News from Banks County...

NOVEMBER 12, 2003


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OPINIONS
Zach Mitcham
One rope worth walking
There’s often the man or woman at some meeting who reminds county or city leaders that growth is coming, whether we like it or not.

Margie Richards
Thankful for a special friend
Someone sent me some flowers and a sweet card last week.
No, it wasn’t my birthday, or wedding anniversary, or anything like that.


SPORTS
Scalped
Lumpkin shows offensive prowess in win over Banks
The opening minutes of Friday’s game against Lumpkin County looked as if Banks’ defense might be able to contain the potent Indian offense.


News from
JACKSON COUNTY
County BOE considering Sept. bond referendum
The Jackson County Board of Education is considering holding a bond referendum in September to help fund future building projects in order to keep pace with the county’s rapid growth rate.

Property tax bills are mailed out
Jackson County property owners should have received local property tax bills in the mail during the past week.

News from
MADISON COUNTY
Veterans ceremony set for Sat.
American Legion Post 39, Danielsville, is hosting an “All Veterans Day” this Saturday, Nov. 15, beginning at 10 a.m. at the historic Madison County courthouse on the square in Danielsville. The MCHS band, under the direction of Johnny Hallman, will play patriotic music, including “Taps” with drum and bugle.

County to seek engineer for rec pond study
The county will seek an engineer to perform a study of a proposed retention pond on the recently purchased property for recreation expansion

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THE FROG AND THE TOAD

Banks County Recreation Department programs coordinator Kim McIntire read “Frog and Toad are Friends” to Courtney Kellum’s kindergarten class. The event was part of a celebration of National Young Readers Day at Banks County Primary School. Several school and community leaders, including county commission chairman Kenneth Brady, school superintendent Chris Erwin, recreation department director Trey Donaldson, the Rev. Jim McLendon and many others, read various books to the students throughout the school day.

Game, set, match
BOE considering tennis courts at BCHS
Banks County High School’s tennis program got a much-needed show of support Monday night.
The school board agreed to investigate building tennis courts at the high school next to the agriculture barn. The system will also seek bids for the project.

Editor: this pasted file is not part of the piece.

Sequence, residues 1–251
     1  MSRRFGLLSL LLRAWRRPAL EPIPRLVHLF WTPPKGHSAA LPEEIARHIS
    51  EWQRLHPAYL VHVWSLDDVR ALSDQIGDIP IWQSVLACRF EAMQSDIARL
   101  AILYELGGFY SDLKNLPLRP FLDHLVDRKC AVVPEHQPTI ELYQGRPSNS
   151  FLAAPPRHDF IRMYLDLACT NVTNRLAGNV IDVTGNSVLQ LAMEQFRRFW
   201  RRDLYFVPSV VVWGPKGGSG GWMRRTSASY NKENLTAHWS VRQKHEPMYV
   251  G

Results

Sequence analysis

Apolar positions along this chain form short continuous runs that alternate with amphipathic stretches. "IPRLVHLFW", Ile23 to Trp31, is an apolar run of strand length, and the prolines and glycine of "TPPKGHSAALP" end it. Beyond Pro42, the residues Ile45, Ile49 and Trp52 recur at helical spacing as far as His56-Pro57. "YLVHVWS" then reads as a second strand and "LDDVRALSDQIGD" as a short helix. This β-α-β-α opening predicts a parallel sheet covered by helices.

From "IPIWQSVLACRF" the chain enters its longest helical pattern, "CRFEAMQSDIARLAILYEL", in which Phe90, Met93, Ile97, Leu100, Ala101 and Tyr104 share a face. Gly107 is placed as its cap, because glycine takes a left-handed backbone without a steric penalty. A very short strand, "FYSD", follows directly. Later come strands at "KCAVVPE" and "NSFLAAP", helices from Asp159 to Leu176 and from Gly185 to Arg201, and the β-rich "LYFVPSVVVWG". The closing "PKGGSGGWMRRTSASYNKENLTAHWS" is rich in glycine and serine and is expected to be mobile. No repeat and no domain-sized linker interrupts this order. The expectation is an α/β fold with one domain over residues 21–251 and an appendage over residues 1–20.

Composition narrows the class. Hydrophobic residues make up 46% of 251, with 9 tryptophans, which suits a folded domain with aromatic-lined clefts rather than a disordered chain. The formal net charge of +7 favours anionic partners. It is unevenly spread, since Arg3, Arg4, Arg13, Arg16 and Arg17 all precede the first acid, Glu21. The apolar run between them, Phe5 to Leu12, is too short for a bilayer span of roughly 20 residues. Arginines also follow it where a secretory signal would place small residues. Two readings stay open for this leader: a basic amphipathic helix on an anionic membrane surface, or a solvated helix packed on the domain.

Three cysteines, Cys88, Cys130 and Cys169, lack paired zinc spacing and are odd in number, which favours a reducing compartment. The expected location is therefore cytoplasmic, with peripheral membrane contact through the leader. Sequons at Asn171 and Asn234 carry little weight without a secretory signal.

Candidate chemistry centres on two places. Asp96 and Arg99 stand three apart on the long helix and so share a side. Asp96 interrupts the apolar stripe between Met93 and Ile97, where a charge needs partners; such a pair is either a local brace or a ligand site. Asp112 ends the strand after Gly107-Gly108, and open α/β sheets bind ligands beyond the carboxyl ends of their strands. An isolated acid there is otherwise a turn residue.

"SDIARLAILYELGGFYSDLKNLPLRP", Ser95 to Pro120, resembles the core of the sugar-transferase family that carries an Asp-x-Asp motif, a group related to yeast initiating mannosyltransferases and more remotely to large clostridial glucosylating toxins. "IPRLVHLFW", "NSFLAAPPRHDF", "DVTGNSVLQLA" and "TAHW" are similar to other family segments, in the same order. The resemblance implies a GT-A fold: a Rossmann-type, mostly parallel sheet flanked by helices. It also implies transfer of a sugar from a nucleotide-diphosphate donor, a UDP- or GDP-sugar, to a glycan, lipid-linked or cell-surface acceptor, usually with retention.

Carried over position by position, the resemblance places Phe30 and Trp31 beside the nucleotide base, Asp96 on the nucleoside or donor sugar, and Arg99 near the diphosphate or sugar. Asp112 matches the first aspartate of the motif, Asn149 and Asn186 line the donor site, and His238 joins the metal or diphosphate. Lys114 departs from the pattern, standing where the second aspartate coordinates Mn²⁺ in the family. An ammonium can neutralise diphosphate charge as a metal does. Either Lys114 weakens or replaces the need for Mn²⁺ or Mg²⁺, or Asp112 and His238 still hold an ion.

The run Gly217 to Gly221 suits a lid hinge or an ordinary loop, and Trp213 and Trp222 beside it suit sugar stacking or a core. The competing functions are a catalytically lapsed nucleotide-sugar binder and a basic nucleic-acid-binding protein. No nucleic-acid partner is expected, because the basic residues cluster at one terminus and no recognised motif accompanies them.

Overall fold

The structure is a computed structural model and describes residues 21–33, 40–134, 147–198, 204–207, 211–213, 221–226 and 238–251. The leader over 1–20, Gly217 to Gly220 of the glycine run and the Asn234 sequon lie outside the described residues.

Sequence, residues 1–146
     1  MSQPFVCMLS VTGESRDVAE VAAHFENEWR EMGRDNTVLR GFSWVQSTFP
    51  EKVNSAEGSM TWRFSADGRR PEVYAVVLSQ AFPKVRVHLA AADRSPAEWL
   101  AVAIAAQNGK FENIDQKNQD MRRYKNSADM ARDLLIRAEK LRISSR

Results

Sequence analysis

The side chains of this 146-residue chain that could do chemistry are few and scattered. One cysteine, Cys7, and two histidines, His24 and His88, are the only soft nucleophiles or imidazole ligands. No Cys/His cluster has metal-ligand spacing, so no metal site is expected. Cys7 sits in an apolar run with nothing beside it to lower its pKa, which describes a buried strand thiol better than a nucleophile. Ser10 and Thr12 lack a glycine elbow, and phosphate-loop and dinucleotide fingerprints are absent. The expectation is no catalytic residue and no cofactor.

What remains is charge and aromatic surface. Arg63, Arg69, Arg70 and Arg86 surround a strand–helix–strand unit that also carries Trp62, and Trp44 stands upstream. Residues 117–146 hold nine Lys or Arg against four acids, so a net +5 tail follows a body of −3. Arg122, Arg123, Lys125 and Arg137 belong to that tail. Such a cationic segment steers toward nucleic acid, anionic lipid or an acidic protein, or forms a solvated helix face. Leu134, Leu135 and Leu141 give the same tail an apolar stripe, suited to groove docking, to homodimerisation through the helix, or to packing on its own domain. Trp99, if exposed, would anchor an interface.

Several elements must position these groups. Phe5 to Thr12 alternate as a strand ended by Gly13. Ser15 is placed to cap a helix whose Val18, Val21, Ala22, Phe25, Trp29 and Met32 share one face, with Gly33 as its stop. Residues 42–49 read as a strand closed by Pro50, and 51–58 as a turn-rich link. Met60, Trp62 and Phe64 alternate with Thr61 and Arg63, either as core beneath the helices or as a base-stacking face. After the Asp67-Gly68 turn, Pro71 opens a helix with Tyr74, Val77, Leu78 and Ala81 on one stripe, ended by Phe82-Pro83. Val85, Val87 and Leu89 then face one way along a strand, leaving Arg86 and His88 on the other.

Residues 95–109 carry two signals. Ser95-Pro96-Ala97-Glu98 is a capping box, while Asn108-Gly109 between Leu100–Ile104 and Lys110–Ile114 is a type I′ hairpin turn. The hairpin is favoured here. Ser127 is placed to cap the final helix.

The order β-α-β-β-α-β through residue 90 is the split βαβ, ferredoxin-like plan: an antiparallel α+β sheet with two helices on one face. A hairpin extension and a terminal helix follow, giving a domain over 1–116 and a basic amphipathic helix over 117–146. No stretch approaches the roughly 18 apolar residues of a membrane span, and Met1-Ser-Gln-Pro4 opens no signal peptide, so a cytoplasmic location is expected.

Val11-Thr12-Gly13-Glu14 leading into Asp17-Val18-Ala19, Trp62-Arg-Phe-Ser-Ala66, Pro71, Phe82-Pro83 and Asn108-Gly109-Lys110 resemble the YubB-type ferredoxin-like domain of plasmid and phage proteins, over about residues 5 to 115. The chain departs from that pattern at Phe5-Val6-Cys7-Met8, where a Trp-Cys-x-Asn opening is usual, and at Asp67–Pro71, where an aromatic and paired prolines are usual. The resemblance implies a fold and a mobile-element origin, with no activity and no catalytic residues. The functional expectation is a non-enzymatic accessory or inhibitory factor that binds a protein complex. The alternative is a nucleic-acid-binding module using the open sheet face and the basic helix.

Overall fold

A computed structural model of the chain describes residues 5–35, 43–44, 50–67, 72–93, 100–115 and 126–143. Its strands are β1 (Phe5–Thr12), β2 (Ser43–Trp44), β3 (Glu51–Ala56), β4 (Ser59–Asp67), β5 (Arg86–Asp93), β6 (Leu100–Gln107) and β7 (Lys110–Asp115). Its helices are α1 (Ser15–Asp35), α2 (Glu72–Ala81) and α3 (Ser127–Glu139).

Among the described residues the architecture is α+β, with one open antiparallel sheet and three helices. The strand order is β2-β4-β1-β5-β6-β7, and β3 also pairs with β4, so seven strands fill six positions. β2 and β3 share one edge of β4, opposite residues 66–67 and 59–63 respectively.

Tony Murphy and Dana Seay asked the school board Monday to look into building courts at the school.
The high school tennis team has played on courts at the county’s recreation department in the past. But those courts were torn down weeks ago to make room for the construction of a gym facility there.
The county has plans to relocate the courts to another area at the recreation department.
But Murphy and Seay pointed out that practice for the school’s tennis team will start in February and match play will begin shortly thereafter.
“We are very thankful to the recreation department for letting us use those courts,” Seay said. “But right now, we do not have any courts.”
Seay, a lay coach for the team, explained that interest in the tennis program has grown from close to 15 kids three years ago to over 45 now. The team also made a trip to region competition last season.
She also said that having the courts at the school could help increase freshman participation since they wouldn’t have to find transportation to the recreation department.
Murphy, the vice president of the booster club, said he’s seen the program grow at Banks County and wants to see it become a big sport.
“It is really important to me to get the courts built this year,” Murphy said.
Murphy also pledged his support for the project through the booster club.
He said six courts would be required to host a region match though four courts would suffice for the team’s practices and regular matches.
Murphy said that without any courts at the school or the recreation department this spring, the tennis team will be forced to practice elsewhere, possibly at Commerce.
Should the board decide to proceed with any plans for courts at the school, funding of the project will become the biggest issue.
Superintendent Chris Erwin said the cost should be split among the booster club, the athletic department and BOE funds.
He said the land next to the ag barn would likely be the best spot and would require the least amount of grading. However, school officials will study the site to find the exact location of a septic system in that area.
The site also has close access to bathrooms, parking and security lighting. If the board builds the courts, they will likely not include playing lights at this time.
“We’d rather not have lights than not have courts,” Seay said. “We can work around that (lighting).”


The cream of the crop
School system honors Banks County’s teachers of the year
Banks County school superintendent Chris Erwin has said that being named a teacher of the year takes a “lot of hard work, dedication and sacrifice.”